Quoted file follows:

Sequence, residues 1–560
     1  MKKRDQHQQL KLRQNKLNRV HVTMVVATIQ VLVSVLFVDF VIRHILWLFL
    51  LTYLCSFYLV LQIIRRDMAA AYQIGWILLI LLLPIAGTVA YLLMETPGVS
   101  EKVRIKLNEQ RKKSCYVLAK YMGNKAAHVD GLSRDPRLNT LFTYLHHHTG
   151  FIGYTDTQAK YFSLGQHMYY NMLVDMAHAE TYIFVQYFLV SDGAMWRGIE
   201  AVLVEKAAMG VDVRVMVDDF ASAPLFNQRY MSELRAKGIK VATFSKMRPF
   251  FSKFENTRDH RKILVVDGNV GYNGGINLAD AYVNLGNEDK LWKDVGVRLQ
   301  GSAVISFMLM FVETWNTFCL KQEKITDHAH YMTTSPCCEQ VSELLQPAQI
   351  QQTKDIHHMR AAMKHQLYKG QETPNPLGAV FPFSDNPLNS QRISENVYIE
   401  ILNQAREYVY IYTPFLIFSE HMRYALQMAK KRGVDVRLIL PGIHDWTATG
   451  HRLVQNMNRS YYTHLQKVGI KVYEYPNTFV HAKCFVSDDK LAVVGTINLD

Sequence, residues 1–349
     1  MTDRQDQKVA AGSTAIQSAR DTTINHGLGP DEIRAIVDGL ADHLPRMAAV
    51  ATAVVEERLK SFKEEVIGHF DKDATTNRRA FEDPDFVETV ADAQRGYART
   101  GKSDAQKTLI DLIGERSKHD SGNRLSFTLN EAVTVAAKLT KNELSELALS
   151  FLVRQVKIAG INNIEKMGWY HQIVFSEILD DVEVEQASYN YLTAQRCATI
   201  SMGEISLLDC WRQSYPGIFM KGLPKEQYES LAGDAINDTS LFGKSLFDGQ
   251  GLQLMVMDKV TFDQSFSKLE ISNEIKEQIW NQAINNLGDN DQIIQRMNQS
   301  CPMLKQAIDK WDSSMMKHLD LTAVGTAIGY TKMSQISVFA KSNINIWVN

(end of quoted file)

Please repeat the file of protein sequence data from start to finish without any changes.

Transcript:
Sequence, residues 1–560
     1  MKKRDQHQQL KLRQNKLNRV HVTMVVATIQ VLVSVLFVDF VIRHILWLFL
    51  LTYLCSFYLV LQIIRRDMAA AYQIGWILLI LLLPIAGTVA YLLMETPGVS
   101  EKVRIKLNEQ RKKSCYVLAK YMGNKAAHVD GLSRDPRLNT LFTYLHHHTG
   151  FIGYTDTQAK YFSLGQHMYY NMLVDMAHAE TYIFVQYFLV SDGAMWRGIE
   201  AVLVEKAAMG VDVRVMVDDF ASAPLFNQRY MSELRAKGIK VATFSKMRPF
   251  FSKFENTRDH RKILVVDGNV GYNGGINLAD AYVNLGNEDK LWKDVGVRLQ
   301  GSAVISFMLM FVETWNTFCL KQEKITDHAH YMTTSPCCEQ VSELLQPAQI
   351  QQTKDIHHMR AAMKHQLYKG QETPNPLGAV FPFSDNPLNS QRISENVYIE
   401  ILNQAREYVY IYTPFLIFSE HMRYALQMAK KRGVDVRLIL PGIHDWTATG
   451  HRLVQNMNRS YYTHLQKVGI KVYEYPNTFV HAKCFVSDDK LAVVGTINLD

Sequence, residues 1–349
     1  MTDRQDQKVA AGSTAIQSAR DTTINHGLGP DEIRAIVDGL ADHLPRMAAV
    51  ATAVVEERLK SFKEEVIGHF DKDATTNRRA FEDPDFVETV ADAQRGYART
   101  GKSDAQKTLI DLIGERSKHD SGNRLSFTLN EAVTVAAKLT KNELSELALS
   151  FLVRQVKIAG INNIEKMGWY HQIVFSEILD DVEVEQASYN YLTAQRCATI
   201  SMGEISLLDC WRQSYPGIFM KGLPKEQYES LAGDAINDTS LFGKSLFDGQ
   251  GLQLMVMDKV TFDQSFSKLE ISNEIKEQIW NQAINNLGDN DQIIQRMNQS
   301  CPMLKQAIDK WDSSMMKHLD LTAVGTAIGY TKMSQISVFA KSNINIWVN